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Found 8 results

  1. Bill and I have just returned from a 3D/2N trip to Melaleuca and Bathurst Harbour in remote southwest Tasmania.Our first and final sightings during this 3 day break were of the highly endangered Orange-bellied Parrot (OBP). This was Bill’s second visit to Bathurst Harbour and Melaleuca – the first was in 1994 when he sailed with a group from Strahan to Hobart to attend the inaugural Wooden Boat Festival in Hobart. I have always been interested in the history and wildlife of the area but have been deterred by the isolation, legendary bad weather, poor access and rugged terrain that have combined to ensure that the Melaleuca area was visited mostly by hardy sailors and bushwalkers. I have heard much about the plight of the OBP and the strategies to save this precious remaining population, so an opportunity to see this rare feathered gem hooked me right away. Some years ago Par Avion built the Southwest Wilderness Camp at the mouth of Melaleuca Inlet and began to fly in travellers seeking to explore this area. This leisurely, comfortable option has opened up the rugged region to a greater cross-section of travellers. Highlights: Hot weather and calm seas 2 scenic flights over remote Southwest of Tasmania Amazing scenery and perfect reflections Beautiful Firetails Orange-bellied parrots Melaleuca has a rich history that features whalers, piners, miners, sailors, explorers and fishermen who have visited the area for over 200 years, whilst the Needwonnee people, the traditional owners lived in the area for thousands of years. Melaleuca is located in the southern area of Bathurst Harbour which is a large shallow bay connected to Port Davey and ultimately the Southern Ocean by the 12 kilometre Bathurst Channel. The waters flowing from Bathurst Harbour are typically stained a reddish-brown derived from tannin leached from button-grass and heathland plains. Melaleuca, Bathurst Harbour and Port Davey are part of the Tasmanian Wilderness World Heritage Area which was initially proclaimed by UNESCO in 1982 and today comprises approximately 1,000,000 hectares or 20% of the area of Tasmania. The area has been subjected to severe glaciation and contains one of the world’s last remaining expanses of temperate rainforests. Remains found in limestone caves are evidence of human habitation dating back more than 20,000 years. Melaleuca’s most famous resident was Deny King, a young tin miner who followed his father into the southwest wilderness, married and raised his own family in the wilderness. The King family were the subject of a 1975 episode of the ABC series A Big Country. A book by Christobel Mattingley called King of the wilderness : a life of Deny King (2001) documents his extraordinary life in this rugged region. Today, Deny’s Nissen hut style home is visited by his daughter, Janet Fenton who I was fortunate to meet ths trip. Janet who arrived for a month long stay while we were there. She and her husband had travelled around the south coast of Tasmania in their own boat and were planning on working with Friends of Melaleuca to repair slips, the Nissen Hut and complete work at Clayton’s Corner. Deny’s sister Winsome married a local fisherman, Clyde Clayton and lived first at Bond Bay in Port Davey before moving into the calmer Forest Lagoon and re-assembling their house and garden from Bond Bay at Clayton’s Corner. Win and Clyde left Melaleuca in 1976 and their home is now owned and managed by the Tasmanian National Parks and Wildlife Service and is available to day visitors, fishermen and passing yachties. Melaleuca’s second famous resident is the Orange-bellied Parrot, (OBP) a highly endangered species of which approximately only 40 individual wild birds remain, including this year’s juveniles. The National Recovery Plan for the Orange-bellied Parrot provides support to this population with captive breeding, nesting boxes and food stations.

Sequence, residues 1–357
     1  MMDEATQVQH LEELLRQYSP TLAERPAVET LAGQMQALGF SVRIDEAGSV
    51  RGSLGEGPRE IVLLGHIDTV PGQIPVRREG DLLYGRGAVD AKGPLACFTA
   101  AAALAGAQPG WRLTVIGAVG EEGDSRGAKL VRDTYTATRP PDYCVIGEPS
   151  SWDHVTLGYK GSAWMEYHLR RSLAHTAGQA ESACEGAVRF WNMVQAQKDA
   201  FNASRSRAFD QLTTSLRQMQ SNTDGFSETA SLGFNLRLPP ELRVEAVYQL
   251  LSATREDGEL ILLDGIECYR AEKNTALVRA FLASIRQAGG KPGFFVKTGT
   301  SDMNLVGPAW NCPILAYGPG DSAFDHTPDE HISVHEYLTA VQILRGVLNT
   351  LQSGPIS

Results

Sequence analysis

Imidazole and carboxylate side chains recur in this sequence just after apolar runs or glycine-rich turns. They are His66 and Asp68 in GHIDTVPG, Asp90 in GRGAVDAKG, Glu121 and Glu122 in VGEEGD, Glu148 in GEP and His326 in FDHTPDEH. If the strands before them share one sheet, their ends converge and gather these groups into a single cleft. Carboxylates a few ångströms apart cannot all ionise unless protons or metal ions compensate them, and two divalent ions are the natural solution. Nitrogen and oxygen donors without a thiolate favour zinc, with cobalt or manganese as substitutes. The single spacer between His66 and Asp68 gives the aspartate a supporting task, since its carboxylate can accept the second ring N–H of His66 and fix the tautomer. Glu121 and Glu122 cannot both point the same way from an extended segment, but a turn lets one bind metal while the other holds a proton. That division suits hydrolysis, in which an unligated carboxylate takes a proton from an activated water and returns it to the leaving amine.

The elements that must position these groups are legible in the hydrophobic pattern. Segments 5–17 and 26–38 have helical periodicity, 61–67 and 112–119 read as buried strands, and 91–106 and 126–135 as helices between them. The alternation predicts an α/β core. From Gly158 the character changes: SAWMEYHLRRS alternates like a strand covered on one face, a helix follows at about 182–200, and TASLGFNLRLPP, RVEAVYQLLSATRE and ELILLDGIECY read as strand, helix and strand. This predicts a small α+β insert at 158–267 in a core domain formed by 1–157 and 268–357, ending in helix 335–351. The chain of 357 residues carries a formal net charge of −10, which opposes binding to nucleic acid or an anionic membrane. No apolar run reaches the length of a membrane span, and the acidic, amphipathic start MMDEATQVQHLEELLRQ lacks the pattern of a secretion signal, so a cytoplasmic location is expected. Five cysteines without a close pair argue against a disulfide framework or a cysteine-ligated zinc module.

2. These photos were taken today around Elderslie in southern Tasmania. Brown Falcon Laughing kookaburra
  3. Bill and I went to Bruny Island for a 3 night break in early June. The weather was perfect, clear crisp days and cool nights except for the last day which didn't really matter. We stayed at the Inala Reserve for a second but by no means final time. Inala is owned and managed by Dr Tonia Cochran who runs tours and accommodation on a former farm at South Bruny Island. Tonia must have one of the best office views ever - her desk and computer overlook the raptor feeding area and she has a birds eye view of the daily activities. The Jurassic Garden contains plants from when Australia was part of the super-continent of Gondwana. The John Bowen, a small ferry was running a shuttle service between Kettering and Bruny as the Mirambeena, which is a double deck car ferry, was in dry dock. The John Bowen could be described as a low-sided punt and we had views of the D'entrecasteaux Channel as we sat in the car for the crossing. This Brown Falcon was sitting on power lines at the Neck as we drove south. Once we arrived an unpacked I hot-footed it up to the Raptor Hide as I was keen to see the Wedge-tailed Eagles this trip. This white morph Grey Goshawk was perched in the late afternoon sun. We went for a walk around Inala, once the fire was lit. There was a wallaby in the home paddock that kept a close eye on us. As the sun dipped below the trees the wallabies came out in force, including this wild white one. A female Scarlet Robin litted along beside us.